Friday, September 28, 2007

No Dates, No Honeymoon

Harvey Berry and Phyllis Carlisle both joined the navy in 1945. In 1946 they were both stationed at Whiting Field, near Pensacola, FL. Harvey worked in the air traffic control tower and Phyllis worked downstairs in the weather office. They would talk on the phone as necessitated by their jobs. Soon there were phone calls that had little to do with work. Harvey would visit Phyllis in her office, especially when she was working alone. She visited the tower only once, just to see where he worked. He would occasionally bring her food from the mess hall when she couldn't get away. She remembers that he once brought her cold pancakes because they were easy to carry. They never went to the mess hall together, they didn't have leave to go into town at the same time. All of their courtship took place in the weather office.

Harvey never "popped the question." Instead their conversations just somehow turned to marriage and they considered themselves engaged. They were discharged in the fall and Phyllis returned to her family in Buchanan, Michigan and Harvey to Syracuse, New York. He made a trip to Michigan to visit her family and later she traveled to New York to visit his. He found a job while she made wedding plans.

They were married at her parent's home in November of 1946. His mother, Mary (Kelly) Berry was the only relative that accompanied him to Michigan so Phyllis' brother, Bill, was his best man. Her best friend, Barbara Hausman, was maid of honor. Phyllis wore a wool pink suit and Harvey his best suit. They were married in the front parlor by the minister of the church the family attended. The ring had been his grandmother's. There were no flowers. Cake and coffee were served to the guests. The size of the parlor dictated the number of guests so the others in attendance were her parents, Daniel and Pearl (Camfield) Carlisle; her aunts, Ruby Camfield and Tamerson (Carlisle) Binns; and her cousins Clem Binns and wife Pauline, and Vera (Marsh) Edmunds and husband Tom. Her sister and brother-in-law, Vivian and David LaValle, were unable to attend.

After the wedding they took the train to Lyons, NY where Harvey had found them furnished rooms in a hotel. He worked nights as a switchman for the railroad and she found a job in Newark, NY in the accounting office of a mail order firm. They remained there a few months until Harvey's father was able to get him a position at the Staightline foundry in Syracuse, NY. At that time they moved in with his parents.

They lived off and on with his parents for several years. At one point Harvey left her in their care when he traveled to Vermont to attend photography school. From school he was recalled to active duty. Eventually they did purchase a small home of their own in Nedrow. After several years they were told that they could not have any children. The doctors were wrong and they ended up with a son and two daughters.

Harvey left Phyllis after 26 years of marriage. He moved to another state and quickly remarried. She struggled to raise her children alone. True to her original wedding vows, she never dated anyone else.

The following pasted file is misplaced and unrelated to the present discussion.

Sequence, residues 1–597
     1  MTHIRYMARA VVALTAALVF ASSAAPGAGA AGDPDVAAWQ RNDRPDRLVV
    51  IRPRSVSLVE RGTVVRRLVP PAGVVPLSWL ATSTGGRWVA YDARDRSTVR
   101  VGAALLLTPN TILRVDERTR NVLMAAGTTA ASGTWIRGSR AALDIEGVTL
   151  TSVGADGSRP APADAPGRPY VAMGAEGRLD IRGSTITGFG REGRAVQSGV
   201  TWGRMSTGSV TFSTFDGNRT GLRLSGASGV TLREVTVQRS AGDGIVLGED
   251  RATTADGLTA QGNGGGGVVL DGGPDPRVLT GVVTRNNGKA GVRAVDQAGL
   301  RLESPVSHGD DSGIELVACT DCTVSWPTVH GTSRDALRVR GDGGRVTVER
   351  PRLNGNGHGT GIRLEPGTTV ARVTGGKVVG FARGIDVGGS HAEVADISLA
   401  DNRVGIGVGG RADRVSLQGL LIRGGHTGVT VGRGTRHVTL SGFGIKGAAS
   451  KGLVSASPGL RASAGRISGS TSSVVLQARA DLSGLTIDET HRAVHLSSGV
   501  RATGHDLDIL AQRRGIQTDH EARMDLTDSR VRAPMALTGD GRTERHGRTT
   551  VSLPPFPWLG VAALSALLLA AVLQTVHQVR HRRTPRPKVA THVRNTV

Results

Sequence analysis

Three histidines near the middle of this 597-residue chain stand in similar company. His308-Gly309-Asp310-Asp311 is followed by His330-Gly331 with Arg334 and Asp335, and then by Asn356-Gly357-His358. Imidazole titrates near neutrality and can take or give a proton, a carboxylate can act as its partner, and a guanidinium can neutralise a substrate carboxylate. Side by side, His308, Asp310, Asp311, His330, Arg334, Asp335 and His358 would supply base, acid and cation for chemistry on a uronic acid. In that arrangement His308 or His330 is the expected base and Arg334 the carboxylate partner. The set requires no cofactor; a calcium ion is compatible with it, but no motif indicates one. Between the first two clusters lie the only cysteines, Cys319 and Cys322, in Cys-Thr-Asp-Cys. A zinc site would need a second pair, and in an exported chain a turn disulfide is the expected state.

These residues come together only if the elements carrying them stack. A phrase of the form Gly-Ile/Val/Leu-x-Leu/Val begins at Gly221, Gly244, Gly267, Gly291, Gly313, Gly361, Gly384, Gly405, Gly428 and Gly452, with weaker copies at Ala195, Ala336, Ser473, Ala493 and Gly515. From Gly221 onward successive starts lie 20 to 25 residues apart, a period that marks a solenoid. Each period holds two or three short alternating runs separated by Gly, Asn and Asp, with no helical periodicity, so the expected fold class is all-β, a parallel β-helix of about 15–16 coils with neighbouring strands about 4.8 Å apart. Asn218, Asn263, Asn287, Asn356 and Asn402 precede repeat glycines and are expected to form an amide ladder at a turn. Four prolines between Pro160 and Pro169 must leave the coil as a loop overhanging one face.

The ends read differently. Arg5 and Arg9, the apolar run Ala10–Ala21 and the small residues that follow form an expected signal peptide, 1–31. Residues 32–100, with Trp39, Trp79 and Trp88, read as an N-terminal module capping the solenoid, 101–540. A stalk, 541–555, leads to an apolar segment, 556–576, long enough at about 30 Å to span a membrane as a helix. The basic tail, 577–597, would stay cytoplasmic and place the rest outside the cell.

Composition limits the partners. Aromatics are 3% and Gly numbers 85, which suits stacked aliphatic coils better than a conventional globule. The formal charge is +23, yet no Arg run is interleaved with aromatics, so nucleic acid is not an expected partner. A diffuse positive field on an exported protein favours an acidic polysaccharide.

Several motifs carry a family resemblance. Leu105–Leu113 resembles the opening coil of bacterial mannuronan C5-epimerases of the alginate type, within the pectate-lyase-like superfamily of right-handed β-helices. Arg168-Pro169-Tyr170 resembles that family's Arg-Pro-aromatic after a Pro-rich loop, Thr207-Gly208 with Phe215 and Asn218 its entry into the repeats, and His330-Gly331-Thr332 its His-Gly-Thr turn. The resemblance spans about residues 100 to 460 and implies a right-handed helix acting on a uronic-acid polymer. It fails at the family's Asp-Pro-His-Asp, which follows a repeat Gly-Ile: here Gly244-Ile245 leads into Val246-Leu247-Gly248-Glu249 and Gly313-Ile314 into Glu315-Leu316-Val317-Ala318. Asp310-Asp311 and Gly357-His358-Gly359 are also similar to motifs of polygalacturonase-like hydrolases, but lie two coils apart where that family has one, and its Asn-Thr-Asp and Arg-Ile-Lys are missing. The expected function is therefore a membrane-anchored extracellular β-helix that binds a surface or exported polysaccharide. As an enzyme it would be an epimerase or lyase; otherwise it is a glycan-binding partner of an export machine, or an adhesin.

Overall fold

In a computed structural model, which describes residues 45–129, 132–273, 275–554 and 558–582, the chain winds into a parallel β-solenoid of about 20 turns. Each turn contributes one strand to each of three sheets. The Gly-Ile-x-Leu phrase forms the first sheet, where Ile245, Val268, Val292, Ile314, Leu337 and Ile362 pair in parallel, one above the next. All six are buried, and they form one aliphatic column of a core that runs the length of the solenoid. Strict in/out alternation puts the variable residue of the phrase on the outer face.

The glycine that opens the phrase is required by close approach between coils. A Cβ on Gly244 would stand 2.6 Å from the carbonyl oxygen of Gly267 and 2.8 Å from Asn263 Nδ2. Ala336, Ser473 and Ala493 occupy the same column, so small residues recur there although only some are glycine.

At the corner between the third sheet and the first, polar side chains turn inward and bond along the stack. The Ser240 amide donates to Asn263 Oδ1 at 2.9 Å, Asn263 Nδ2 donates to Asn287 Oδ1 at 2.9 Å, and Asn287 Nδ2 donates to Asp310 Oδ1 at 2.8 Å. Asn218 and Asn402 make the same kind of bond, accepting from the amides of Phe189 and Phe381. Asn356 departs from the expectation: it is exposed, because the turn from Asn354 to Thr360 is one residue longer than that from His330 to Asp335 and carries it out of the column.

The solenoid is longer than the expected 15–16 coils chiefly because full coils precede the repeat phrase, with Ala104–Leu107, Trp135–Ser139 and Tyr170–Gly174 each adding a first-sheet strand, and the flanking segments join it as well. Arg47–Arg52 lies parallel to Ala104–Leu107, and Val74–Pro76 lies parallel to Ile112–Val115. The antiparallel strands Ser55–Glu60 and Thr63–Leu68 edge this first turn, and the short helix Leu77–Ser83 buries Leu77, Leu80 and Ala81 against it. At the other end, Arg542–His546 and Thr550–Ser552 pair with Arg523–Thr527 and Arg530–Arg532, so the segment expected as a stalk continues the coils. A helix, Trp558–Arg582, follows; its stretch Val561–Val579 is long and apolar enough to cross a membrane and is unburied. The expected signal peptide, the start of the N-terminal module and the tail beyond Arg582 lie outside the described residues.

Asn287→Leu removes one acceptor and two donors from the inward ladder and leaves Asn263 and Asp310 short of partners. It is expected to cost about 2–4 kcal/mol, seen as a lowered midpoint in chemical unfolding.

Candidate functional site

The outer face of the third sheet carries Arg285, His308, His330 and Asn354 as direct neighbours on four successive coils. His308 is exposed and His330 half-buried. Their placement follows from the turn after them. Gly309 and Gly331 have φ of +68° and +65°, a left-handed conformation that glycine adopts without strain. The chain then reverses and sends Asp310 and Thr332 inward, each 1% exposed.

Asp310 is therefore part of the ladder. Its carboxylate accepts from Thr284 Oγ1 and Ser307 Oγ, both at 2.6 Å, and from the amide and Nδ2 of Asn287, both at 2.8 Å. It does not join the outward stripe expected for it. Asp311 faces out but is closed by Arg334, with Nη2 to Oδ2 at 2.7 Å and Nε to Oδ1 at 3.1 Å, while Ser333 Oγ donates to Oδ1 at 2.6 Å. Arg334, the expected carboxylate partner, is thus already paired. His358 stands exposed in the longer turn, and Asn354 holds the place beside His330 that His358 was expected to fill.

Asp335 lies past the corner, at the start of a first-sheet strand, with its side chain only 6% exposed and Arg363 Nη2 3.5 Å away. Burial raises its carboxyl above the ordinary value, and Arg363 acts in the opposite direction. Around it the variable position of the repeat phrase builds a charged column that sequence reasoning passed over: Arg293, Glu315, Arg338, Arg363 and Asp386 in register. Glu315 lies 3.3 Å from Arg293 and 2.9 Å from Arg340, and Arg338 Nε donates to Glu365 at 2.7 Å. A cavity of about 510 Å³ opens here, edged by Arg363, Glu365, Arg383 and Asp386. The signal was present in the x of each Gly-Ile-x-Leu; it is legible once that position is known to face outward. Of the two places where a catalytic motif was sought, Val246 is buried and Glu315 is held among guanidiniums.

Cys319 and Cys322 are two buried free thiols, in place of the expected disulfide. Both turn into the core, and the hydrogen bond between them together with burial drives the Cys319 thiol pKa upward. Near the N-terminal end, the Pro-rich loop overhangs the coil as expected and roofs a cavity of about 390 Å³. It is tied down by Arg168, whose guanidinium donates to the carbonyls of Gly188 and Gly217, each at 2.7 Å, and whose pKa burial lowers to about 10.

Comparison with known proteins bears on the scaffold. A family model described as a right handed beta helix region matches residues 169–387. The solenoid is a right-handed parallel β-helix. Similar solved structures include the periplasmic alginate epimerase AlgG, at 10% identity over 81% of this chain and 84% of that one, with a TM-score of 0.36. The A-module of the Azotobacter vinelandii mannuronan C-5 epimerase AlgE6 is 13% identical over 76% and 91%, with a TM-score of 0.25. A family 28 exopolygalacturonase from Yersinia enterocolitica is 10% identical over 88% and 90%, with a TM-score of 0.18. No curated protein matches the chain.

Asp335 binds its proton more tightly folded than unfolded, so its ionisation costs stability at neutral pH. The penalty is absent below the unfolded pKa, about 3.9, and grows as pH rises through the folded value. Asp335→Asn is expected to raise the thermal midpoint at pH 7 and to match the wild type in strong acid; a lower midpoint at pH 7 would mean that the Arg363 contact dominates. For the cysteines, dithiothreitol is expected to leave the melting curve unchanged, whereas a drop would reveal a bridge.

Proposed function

When I first saw that the topic for this edition of the Carnival of Genealogy would be weddings I was quite excited! I love weddings. My brother, sister and children all had nice church weddings followed by lovely receptions and I have albums full of pictures. But when I stopped to think about it, I realized that I knew very little about my parents wedding. My mother is more than willing to answer questions but she doesn't volunteer very much about her life. What I learned made me sad but now this chapter of her story is recorded.

4 comments:

Janice said...

Apple,

Many people had simple weddings during and after World War II. That is ended in divorce is a sad fact, however I'm sure that she feels it is worthwhile since she had such a lovely daughter because of it.

Janice

CountryGirl said...

I knew Mom & Dad were married at her parents home but I didn't have all the details you gave. I was suprised Grandma Berry was there for some reason. Thanks for putting it all together.

Apple said...

The sad thing for me is that my mother never had any romance in her life. I can't recall ever seeing my parents kiss and they never left us with a sitter or our grandparents so they could have a night to themselves. There were lots of trying times but there were good times too. I had a very small wedding that was wonderful in it's simplicity. In talking to my mother I don't get the sense that she had a happy day.

Janice you make me blush. I hope that these days I make her proud but there were those teenage years of mine that she would rather forget!

Annie in Austin said...

Hi Apple,

The way you wrote the story it seems like a screenplay for a movie - one with a realistic but bittersweet ending. I'll bet your mom was really glad to be able to get the details recorded for posterity.

My parents married a little earlier, while WW 2 was still in progress, so their wedding story also involved uniforms and a simple wedding with only a few guests.

Annie at the Transplantable Rose